I mentioned that there was a third reason for this sudden rash of Shakespearn posts - if two can be considered a rash? At lunch a few weeks ago my friend Simonetta mentioned that she recently picked up a book expounding the theory that Shakespeare was really Italian! Why not I thought, everyone has claimed him as their own - I recall in the old USSR he was regarded as one of Russia's greatest playwrights!!!
A little background check - what did we do before Google, he asked searchingly - revealed that back in 2000 Sicilian professor Martino Iuvara claimed that Shakespeare was, in fact, not English at all, but Italian. His conclusion was drawn from research carried out from 1925 to 1950 by two professors at Palermo University. Iuvara claims that the writer we know as William Shakespeare was actually born in Messina as Michelangelo Florio Crollalanza. His family was hounded out of Sicilia by the Inquisition and he eventually fled to England to live with family who had previously immigrated there and anglicized their name: crolla = shake, lanza = spear. He was taken in by John and Mary Shakespeare and when their son William died he took his name.
And if you look at the settings of his 38 known plays he seemed to have a fondness for Italy: five (Titus Andronicus, Julius Caesar, Antony & Cleopatra, Coriolanus, Cymbeline) are set wholly or partly in Ancient Rome; three (The Comedy of Errors, Much Ado About Nothing, The Winter's Tale) wholly or partly in Sicilia and six (Romeo & Juliet, Merchant of Venice, Othello, Taming of the Shrew, Two Gentlemen of Verona, All's Well That Ends Well) may be described as being set in Italy. However one indignant correspondent in the Times of London - and the claim led to a rather heated and at times unintentionally funny correspondence - suggested that his knowledge of Italy was no more than what you could learn from reading your local Italian restaurant menu. Assuming there was a Ye Olde Trattoria Italiana in his area of Cheapside!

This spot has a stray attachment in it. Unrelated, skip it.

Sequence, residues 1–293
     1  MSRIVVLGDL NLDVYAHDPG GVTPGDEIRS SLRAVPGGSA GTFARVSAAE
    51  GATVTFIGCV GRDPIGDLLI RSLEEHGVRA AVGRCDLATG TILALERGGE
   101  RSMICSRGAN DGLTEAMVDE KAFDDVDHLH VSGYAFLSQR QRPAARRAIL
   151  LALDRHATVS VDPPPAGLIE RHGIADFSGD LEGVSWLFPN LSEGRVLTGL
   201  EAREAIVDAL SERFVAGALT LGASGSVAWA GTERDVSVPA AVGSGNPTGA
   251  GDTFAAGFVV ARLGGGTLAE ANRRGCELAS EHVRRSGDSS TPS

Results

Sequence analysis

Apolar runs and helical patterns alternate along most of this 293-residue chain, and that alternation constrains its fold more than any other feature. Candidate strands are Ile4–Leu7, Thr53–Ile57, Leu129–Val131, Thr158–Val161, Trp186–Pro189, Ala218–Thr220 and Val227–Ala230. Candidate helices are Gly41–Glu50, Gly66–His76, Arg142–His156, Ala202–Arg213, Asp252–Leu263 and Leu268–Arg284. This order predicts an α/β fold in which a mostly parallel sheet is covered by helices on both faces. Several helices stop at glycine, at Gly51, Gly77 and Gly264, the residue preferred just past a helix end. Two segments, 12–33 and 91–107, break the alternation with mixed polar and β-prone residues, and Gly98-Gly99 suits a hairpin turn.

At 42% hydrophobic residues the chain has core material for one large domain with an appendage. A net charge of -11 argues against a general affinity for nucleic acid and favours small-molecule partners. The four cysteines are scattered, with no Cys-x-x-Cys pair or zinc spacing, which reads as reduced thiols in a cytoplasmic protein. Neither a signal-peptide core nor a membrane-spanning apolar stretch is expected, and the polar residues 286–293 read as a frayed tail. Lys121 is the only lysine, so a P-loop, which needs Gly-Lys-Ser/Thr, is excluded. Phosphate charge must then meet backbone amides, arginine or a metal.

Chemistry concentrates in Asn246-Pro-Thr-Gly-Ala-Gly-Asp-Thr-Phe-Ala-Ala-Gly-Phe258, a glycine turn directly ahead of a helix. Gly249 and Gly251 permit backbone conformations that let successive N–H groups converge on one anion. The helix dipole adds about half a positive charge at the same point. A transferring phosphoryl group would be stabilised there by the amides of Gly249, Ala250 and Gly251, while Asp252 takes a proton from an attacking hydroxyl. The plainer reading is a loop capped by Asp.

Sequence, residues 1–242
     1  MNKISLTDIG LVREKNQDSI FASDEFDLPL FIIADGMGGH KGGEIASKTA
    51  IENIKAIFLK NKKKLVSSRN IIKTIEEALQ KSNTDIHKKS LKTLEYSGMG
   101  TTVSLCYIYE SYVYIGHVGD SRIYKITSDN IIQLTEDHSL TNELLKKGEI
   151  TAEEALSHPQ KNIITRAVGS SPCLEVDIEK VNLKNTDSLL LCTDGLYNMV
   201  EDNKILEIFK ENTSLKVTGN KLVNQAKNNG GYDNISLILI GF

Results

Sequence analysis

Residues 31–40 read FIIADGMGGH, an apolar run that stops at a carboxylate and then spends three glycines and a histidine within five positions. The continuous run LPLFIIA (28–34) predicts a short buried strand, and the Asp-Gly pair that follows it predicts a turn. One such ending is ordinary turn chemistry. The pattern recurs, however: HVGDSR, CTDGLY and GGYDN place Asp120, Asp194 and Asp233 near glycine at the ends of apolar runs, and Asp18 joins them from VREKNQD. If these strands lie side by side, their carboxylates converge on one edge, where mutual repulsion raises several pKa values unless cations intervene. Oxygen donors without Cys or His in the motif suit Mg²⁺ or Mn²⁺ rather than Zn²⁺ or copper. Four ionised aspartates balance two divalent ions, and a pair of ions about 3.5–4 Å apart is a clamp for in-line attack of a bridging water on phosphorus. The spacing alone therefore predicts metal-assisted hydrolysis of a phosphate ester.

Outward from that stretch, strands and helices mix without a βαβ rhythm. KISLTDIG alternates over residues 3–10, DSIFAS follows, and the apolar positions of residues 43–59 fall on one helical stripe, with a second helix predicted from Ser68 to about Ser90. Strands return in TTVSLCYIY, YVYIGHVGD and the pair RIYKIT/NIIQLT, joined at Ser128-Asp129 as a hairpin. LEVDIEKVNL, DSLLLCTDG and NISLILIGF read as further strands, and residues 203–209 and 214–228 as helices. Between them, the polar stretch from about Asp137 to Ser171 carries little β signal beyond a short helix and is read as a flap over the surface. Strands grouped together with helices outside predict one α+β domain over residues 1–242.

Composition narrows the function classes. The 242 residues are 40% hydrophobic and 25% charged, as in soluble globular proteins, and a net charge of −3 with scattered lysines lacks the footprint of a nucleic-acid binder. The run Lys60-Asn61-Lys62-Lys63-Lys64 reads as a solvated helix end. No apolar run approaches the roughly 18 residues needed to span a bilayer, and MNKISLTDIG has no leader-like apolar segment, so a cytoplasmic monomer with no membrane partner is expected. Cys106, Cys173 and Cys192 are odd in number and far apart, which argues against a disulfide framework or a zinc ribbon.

Its an interesting, if highly debatable, theory, and I'm hoping to get my hands on a copy of the book - provided its available in English. It could explain how a man with no university education - Ben Johnson refers to him as "having small Latin and less Greek" - could write such an incredible body of work. One fly in the ointment as I mentioned to Simonetta is that it would have also taken a great command of English for a native Italian to achieve such language. Well apparently Doctore Iuvara has that covered - Crollalanza wrote in Italian and his wife, poor old - he only left me his second best bed - Anne Hathaway-Shakespeare, translated into English! Behind every great man!
Meanwhile I'm off to see Shakespeare's Sogno di una notte di mezza esate - in English. I just hope they're using Crollalanza's original manuscript for the Italian surtitles.
Note: The Google Earth map is the work of someone named "H21" from France posted the placemarks for 85 locations mentioned in Shakespeare. They purposely left off a few places and challenged people to find the missing quoted places. One of the Google Earth team members added a custom placemark which has a picture of Shakespeare. If you have Google Earth you can access it here.
01 marzo - Sant'Albino